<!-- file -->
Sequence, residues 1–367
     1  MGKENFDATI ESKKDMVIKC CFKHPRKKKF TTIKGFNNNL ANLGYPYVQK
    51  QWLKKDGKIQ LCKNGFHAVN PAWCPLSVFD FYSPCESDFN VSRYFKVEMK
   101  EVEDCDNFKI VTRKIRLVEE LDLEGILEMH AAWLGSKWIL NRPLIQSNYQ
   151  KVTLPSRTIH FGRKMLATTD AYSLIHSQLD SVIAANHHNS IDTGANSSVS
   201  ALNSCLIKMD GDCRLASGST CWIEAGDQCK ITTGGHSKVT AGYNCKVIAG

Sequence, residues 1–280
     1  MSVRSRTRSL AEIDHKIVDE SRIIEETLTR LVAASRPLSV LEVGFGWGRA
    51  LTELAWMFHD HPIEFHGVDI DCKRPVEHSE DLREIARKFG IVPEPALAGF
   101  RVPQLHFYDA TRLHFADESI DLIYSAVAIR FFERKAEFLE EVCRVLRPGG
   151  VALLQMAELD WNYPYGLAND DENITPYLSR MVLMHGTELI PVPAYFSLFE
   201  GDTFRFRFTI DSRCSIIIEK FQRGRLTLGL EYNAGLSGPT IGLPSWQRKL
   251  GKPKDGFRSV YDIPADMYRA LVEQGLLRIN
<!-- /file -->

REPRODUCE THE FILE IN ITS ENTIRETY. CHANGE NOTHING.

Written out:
Sequence, residues 1–367
     1  MGKENFDATI ESKKDMVIKC CFKHPRKKKF TTIKGFNNNL ANLGYPYVQK
    51  QWLKKDGKIQ LCKNGFHAVN PAWCPLSVFD FYSPCESDFN VSRYFKVEMK
   101  EVEDCDNFKI VTRKIRLVEE LDLEGILEMH AAWLGSKWIL NRPLIQSNYQ
   151  KVTLPSRTIH FGRKMLATTD AYSLIHSQLD SVIAANHHNS IDTGANSSVS
   201  ALNSCLIKMD GDCRLASGST CWIEAGDQCK ITTGGHSKVT AGYNCKVIAG

Sequence, residues 1–280
     1  MSVRSRTRSL AEIDHKIVDE SRIIEETLTR LVAASRPLSV LEVGFGWGRA
    51  LTELAWMFHD HPIEFHGVDI DCKRPVEHSE DLREIARKFG IVPEPALAGF
   101  RVPQLHFYDA TRLHFADESI DLIYSAVAIR FFERKAEFLE EVCRVLRPGG
   151  VALLQMAELD WNYPYGLAND DENITPYLSR MVLMHGTELI PVPAYFSLFE
   201  GDTFRFRFTI DSRCSIIIEK FQRGRLTLGL EYNAGLSGPT IGLPSWQRKL
   251  GKPKDGFRSV YDIPADMYRA LVEQGLLRIN